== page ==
Sad death of a missionary--Importation of spirits--Losses of the mission--Ordination at Freetown of Bishop Crowther--Consecration of Bishop Ingham--Proposed boarding- school--Brainaia Station.
THE fortunes of the Mission to the Rio Pongo have, indeed, been most strangely varied, and the year 1880 seemed to be one of the turning-points in its history. The conversion of old Mrs. Lightburn to Christianity opened the door at Farringia, and now her death in the faith and fear of Christ Jesus firmly established the new station in that town. More workers were needed in order to keep the staff complete, and the Bishop of Sierra Leone, on Trinity Sunday, May 23rd, admitted Mr. Samuel Hughes, of Fourah Bay College, a Licentiate in Theology of Durham University, to deacon's orders to fill the vacancy at Fotobah. Mr. Hughes commenced his work on October 1st. By the time he was able to join his station his help had become a very sad necessity to the Mission, for in August the Rev. D Brown, who had begun at Farringia with so much promise, was taken away. He had gone to Freetown, where lie had been married on July 8th by the Bishop, to an old fellow-worker in the schools of that place. On August 11th he sailed in the cutter Rotomba for the Rio Pongo, taking with him all his wife's baggage and the furniture necessary to furnish a home for her, intending that she should follow by the next opportunity. The day after (the 12th), while passing the Brainaia bar, the vessel was capsized by a sudden squall, and nearly all on board were drowned, Mr. Brown among the number. The grief felt by the Farringia people was very great; they sent special messengers at once down the river to see if the report which reached them were true. Mr. Doughlin, writing about his sad loss, said: "Poor fellow! he has gone from the work he loved so much, and the privations he bore so unmurmuringly, to receive the Master's approving smile in Paradise. I know something of work and its difficulty out here; but the secret of his success was--he never returned from any work in church, school, or district without watering it with his prayers. He was at Farringia just a year and a couple of weeks, and lived all the time in the house of a slave. In this way he learned the language, the character, and the habits of the people, and was able to set them an example. Full of zeal, wisdom, and tact--full, too, of love, he could truly say: 'I have been going in and out amongst you.' I do not know what we shall do to fill his place." Again the work was left short-handed, and again the good Bishop came to the rescue by sending Mr. Samuel Cole in November to fill the post of catechist at Domingia, and thus set Mr. Doughlin more free to visit and encourage his fellow-workers.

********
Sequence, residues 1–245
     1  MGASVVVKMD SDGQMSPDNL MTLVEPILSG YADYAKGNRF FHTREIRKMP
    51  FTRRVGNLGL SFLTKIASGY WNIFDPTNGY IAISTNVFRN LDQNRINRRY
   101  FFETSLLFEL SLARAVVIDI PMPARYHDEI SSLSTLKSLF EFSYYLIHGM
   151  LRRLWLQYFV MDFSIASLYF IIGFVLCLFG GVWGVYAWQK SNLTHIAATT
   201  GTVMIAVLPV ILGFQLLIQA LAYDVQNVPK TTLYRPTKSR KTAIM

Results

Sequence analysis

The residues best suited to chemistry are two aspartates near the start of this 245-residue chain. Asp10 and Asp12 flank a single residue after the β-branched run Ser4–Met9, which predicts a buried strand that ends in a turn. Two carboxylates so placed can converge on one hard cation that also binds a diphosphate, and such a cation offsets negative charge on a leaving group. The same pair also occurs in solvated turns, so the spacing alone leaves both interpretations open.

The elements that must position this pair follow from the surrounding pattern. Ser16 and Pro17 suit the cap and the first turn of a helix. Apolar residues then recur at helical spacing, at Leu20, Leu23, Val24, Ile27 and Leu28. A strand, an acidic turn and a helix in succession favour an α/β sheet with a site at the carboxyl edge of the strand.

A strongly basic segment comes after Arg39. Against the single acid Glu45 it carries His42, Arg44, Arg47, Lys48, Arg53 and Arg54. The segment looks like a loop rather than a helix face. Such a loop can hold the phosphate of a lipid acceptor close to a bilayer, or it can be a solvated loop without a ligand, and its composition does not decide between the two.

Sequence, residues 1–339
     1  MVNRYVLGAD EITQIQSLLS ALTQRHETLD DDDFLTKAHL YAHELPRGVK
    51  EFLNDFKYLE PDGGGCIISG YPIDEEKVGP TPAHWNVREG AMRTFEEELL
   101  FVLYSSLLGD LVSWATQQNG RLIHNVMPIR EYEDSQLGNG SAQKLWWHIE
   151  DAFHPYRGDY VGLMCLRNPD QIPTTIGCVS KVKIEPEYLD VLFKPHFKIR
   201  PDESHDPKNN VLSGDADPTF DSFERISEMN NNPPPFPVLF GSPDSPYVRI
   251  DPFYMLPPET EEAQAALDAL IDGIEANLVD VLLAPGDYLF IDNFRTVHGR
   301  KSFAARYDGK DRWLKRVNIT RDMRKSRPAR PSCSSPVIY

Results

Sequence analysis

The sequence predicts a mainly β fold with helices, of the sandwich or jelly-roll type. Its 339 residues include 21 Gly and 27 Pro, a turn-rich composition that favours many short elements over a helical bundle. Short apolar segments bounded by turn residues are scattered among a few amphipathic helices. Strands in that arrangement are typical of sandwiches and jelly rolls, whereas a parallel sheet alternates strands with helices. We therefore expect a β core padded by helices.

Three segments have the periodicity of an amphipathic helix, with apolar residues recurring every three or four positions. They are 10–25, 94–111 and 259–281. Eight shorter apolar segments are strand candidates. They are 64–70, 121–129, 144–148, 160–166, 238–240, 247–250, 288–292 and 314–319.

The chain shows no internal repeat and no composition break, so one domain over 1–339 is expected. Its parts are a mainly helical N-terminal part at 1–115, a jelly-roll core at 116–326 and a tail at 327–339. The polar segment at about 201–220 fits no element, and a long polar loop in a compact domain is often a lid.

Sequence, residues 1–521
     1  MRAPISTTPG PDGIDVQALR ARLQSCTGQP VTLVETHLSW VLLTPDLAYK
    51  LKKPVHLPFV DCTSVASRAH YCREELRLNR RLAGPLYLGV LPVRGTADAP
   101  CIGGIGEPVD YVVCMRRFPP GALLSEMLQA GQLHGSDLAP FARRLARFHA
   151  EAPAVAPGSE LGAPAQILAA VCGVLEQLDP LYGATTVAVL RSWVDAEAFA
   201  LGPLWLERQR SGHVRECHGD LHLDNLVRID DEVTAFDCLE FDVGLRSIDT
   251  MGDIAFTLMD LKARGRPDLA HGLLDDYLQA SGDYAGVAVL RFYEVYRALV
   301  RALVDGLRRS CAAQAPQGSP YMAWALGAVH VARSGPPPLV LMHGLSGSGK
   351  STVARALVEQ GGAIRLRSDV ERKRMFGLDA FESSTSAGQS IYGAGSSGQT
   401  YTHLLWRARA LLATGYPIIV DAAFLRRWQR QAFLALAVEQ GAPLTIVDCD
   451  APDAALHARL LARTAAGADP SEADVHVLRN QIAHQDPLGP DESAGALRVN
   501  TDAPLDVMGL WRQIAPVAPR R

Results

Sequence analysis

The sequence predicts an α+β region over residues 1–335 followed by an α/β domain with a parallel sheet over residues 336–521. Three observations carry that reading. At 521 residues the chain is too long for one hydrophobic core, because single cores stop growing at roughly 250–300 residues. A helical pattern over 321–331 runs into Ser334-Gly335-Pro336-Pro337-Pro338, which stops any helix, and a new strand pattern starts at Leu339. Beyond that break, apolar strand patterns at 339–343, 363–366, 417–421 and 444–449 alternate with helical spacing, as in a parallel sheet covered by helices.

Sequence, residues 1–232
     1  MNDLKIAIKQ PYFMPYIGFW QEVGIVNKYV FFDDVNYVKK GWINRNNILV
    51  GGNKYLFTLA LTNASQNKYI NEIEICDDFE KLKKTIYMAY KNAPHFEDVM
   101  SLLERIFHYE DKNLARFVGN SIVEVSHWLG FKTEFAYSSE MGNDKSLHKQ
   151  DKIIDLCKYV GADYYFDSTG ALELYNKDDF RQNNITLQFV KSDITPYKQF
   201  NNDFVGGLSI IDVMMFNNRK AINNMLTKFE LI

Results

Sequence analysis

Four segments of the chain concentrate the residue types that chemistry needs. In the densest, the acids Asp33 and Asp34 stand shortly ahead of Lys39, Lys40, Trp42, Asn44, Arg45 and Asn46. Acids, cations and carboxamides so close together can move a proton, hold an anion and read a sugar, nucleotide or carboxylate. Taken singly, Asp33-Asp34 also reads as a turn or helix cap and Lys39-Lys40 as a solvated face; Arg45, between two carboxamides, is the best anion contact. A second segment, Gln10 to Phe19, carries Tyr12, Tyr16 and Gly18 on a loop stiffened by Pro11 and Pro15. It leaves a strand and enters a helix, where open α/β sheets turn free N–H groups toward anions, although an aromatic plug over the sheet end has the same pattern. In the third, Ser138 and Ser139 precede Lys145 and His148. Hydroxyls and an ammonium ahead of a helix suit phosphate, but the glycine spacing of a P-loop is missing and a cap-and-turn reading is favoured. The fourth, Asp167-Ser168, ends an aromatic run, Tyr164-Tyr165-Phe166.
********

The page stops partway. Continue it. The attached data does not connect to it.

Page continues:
An extract from Mr. Cole's first report gives some idea of the terrible evil by which England undoes so much of the good done by its missionaries. "A steamer came from England this day--a large vessel, filled completely with rum and gin. [Nine thousand casks of rum, 2600 demijohns of rum, 4000 cases of gin, and several thousand cases of assorted liquors.] There was not a single yard of cloth in her. When some one on board was asked if only spirits had been brought, he said: 'Yes; and there is such a quantity of spirits on board that will make the whole Susu country drunk for weeks together.' Spirits demoralise the people and paralyse missionary efforts. The effects of spirits in the country are very painful."
The most striking events of the year r88i were again of the nature of losses. Each of the three centres, Barbados, Africa, and England, lost its master from its head. The retirement of Dr. Mitchinson from the diocese of Barbados removed from the Board an able and willing friend. The resignation of Dr. Cheetham deprived the Rio Pongo of a father who had always taken the very greatest interest in the Mission, and been most self-denying in his efforts to advance the work--on one occasion spending Christmas Day at sea in a miserable boat rather than omit the visit to the stations which he thought it necessary to pay. Another and a severe loss was sustained by the death of the Rev. George Forster Barrow, the English Secretary, who died somewhat unexpectedly on November 17th, after three years of most indefatigable work in the interests of the Mission. His place as Hon. Secretary was taken by his brother, the present secretary.
The general work in the mission field progressed steadily, although neither Mr. Doughlin nor Mr. McEwen were in good health. The latter, being compelled to seek for rest and change of scene, visited England, where he did good work for the Mission by preaching and lecturing during the winter of 1881 and spring of 1882. He pressed much the long-felt necessity of opening a boarding-school, where some of the older boys might continue their education and be trained with a view to mission work, should they prove fitted for it.